Main cast: Finn Cole (Don Wallace), Asa Butterfield (Willoughby Blake), Hermione Corfield (Clemsie Lawrence), Michael Sheen (The Bat), Nick Frost (Woody), Simon Pegg (Meredith Houseman), Margot Robbie (Audrey), Isabella Laughland (Kay), Tom Rhys-Harries (Clegg), Max Raphael (Hargreaves), Kit Connor (Wootton), Louis Strong (Smudger), Jo Hartley (Babs Wallace), Jamie Blackley (Caspar De Brunose), Jane Stanness (Matron), Jassa Ahluwalia (Yuri), Alex Macqueen (Lambert), and Charles Fitzherbert (Tompkinson)
Director: Crispian Mills
Oh my, I feel ancient now, because that dude from Kula Shaker is now a film director. Oh well, I’ve heard so much about Slaughterhouse Rulez, with it being compared to the Three Flavours Cornetto trilogy, so it is with some considerable amount of anticipation that I sit down to watch this thing. A horror comedy that takes elements of the Harry Potter books and gives it some Lovecraftian horror twist? I’m so there… and I’m gone, quickly enough, because I’ve never seen such a desperately try-hard movie before.
The story first. Don Wallace is a high school dropout who spends his days doing nothing. His mother manages to secure him a spot at the prestigious Slaughterhouse School – the name may seem macabre, but it comes from a proud historical legacy of the school – and Don reluctantly attends, if only because the promotional video and booklet suggest that the girls there are hot. Don’t ask how this fellow gets a spot in what is supposed to be an elite boarding school attended by upper class toffs – logic is not a strong point in this movie, as it is more interested in showing off how funny it is.
Anyway, Don soon finds himself the new guy in a sea of boarding school stereotypes. His roommate Willoughby is of course cynical and sarcastic, while the hot girl Clemsie of course has a jerk competitor for Don’s affections in some upper class Mr Popular. The cadet officer Clegg is a tyrant and a bully, while the headmaster is a blowhard and the coach Meredith Houseman serves to exist only for comedic relief as he pines after his wife Audrey, who is working abroad and is clearly cheating on him. Seriously, Simon Pegg seems to be in this movie only because he is one of the producers and as such, it is in the contract to have a role written for him to show off his comedic chops or something. Oh, and the horror part comes from the ugly extras in rubber suits pretending to be monsters from the nearby woods out to eat people.
Slaughterhouse Rulez tries to be so many things, but I’ve never seen such a spectacular failure in a while. For more than an hour, this one is a madcap comedy rather than a horror movie, but so much of the comedy misses the mark. The one-liners are flaccid, the delivery comes off more like forced overacting, and the so-called edgy comedy is too clichéd to work. For example, it’s the current year, and playing slow or uplifting ballads as bad things happen on the screen is so overdone and boring – my reaction to such “humor” by now is to roll up my eyes. There is some potentially interesting subversion of tropes – you’d think a bloke who looks like a jock such as Don will be the hero but he’s quite the inept high-pitched screamer, while Clemsie ends up being person who has to take charge when her buddies are incapable of getting their act together – but for the most part, the movie is more like a laundry list of clichés being played straight. The timing of the comedy is awful too. The characters here try so hard to utter edgy one-liners when they should be running for their lives, and given how the humor keeps missing the bullseye, their efforts end up being contrived and painful to watch.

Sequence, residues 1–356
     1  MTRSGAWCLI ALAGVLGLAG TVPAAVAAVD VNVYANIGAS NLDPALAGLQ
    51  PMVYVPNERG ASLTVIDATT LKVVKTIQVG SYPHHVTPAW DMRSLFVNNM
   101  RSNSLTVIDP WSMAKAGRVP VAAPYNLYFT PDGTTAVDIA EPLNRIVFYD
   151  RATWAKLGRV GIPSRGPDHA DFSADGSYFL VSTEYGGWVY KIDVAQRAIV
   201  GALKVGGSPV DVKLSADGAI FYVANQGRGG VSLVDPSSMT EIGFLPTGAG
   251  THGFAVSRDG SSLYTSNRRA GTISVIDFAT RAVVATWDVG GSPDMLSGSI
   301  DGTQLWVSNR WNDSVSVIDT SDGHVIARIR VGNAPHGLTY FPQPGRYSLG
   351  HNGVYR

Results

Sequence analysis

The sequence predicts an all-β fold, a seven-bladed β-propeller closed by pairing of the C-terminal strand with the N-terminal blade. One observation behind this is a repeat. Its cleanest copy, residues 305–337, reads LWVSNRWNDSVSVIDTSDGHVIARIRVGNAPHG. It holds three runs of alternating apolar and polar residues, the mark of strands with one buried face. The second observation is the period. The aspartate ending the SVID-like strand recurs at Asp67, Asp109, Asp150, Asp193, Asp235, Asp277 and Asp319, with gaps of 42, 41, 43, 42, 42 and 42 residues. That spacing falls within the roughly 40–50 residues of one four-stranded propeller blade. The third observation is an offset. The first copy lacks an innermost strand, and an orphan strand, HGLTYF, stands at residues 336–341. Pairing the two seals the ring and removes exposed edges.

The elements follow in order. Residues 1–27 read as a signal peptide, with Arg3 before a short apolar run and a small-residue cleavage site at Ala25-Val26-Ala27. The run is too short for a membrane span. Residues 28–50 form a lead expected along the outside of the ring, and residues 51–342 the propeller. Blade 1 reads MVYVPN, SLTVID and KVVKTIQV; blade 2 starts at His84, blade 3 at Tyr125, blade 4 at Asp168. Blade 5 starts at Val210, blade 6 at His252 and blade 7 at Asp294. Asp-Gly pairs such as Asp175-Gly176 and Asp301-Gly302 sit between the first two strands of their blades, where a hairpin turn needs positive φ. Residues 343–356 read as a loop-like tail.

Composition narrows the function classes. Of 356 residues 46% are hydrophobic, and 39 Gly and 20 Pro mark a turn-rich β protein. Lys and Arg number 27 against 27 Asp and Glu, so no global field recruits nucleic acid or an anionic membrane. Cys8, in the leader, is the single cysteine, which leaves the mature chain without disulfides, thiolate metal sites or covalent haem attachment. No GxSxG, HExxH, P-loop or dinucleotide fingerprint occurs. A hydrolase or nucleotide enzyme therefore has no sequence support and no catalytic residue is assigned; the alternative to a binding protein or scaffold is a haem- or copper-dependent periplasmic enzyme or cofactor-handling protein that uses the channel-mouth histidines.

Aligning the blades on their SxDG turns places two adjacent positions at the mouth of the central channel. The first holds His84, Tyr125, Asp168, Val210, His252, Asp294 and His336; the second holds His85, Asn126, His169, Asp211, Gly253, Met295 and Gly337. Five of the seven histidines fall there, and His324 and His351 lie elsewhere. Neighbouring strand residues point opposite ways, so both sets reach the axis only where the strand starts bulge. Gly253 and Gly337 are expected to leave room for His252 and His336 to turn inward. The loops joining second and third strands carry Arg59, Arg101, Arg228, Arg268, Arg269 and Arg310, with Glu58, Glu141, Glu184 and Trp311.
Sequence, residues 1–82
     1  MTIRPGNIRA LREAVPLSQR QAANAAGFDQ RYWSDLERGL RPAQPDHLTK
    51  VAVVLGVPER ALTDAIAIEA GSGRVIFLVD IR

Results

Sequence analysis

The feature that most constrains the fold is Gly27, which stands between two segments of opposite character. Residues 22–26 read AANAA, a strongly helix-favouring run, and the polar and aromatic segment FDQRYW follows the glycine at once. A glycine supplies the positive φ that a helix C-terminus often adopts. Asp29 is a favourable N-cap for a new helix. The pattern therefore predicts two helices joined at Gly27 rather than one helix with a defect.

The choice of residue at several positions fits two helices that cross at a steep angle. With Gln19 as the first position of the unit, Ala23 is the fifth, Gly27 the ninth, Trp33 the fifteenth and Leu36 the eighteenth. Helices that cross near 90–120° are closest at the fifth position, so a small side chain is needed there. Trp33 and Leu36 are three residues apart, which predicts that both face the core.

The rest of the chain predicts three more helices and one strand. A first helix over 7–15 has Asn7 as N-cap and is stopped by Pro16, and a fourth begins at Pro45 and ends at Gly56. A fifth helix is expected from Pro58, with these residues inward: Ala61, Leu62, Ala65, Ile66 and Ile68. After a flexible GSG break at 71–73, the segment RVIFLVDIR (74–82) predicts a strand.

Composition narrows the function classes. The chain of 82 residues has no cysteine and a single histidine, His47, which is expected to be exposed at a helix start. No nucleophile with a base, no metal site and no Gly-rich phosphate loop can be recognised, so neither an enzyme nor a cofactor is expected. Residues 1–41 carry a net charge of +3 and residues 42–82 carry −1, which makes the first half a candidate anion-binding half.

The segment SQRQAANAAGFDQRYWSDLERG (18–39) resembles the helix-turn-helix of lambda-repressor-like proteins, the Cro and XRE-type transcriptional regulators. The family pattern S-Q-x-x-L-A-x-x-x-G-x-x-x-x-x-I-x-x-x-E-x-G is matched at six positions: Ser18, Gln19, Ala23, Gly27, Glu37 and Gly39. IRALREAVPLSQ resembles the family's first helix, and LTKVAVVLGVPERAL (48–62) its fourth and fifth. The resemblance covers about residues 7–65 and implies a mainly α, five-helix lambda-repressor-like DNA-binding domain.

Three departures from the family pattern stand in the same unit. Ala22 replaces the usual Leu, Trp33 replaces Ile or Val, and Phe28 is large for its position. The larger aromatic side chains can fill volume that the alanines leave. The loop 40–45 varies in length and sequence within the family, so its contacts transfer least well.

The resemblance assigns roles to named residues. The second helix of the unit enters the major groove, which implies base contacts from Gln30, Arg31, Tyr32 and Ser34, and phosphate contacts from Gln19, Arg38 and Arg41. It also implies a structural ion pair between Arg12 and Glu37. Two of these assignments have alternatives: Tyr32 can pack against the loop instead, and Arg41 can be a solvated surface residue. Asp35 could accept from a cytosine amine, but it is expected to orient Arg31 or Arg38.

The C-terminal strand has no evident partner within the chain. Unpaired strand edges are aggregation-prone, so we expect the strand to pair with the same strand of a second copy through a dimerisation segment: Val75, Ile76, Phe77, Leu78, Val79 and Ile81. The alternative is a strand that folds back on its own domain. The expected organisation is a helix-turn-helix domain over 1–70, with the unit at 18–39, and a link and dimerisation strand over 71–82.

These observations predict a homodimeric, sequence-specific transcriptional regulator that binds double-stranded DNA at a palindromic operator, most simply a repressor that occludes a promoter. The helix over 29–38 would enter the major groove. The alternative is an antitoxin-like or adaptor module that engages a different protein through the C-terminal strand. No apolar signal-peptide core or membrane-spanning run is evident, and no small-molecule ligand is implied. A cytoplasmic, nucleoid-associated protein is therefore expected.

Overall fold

As a horror movie, it takes way too long for the munch-the-humans fun to start, and even that, the monsters are clearly poor sods in rubber suits, so there’s that.
Everything about Slaughterhouse Rulez just tries too hard to be seen as edgy, dark, and humorous. The poor thing is just unaware of how tedious and unfunny it actually is. Watching this film is like looking at some badly wounded animal desperately trying to claw its way along the ground when it’s clearly nine-tenth dead. It’s better to just put the poor thing out of its misery, just as it is better to give this one a wide berth and watch something – anything – else.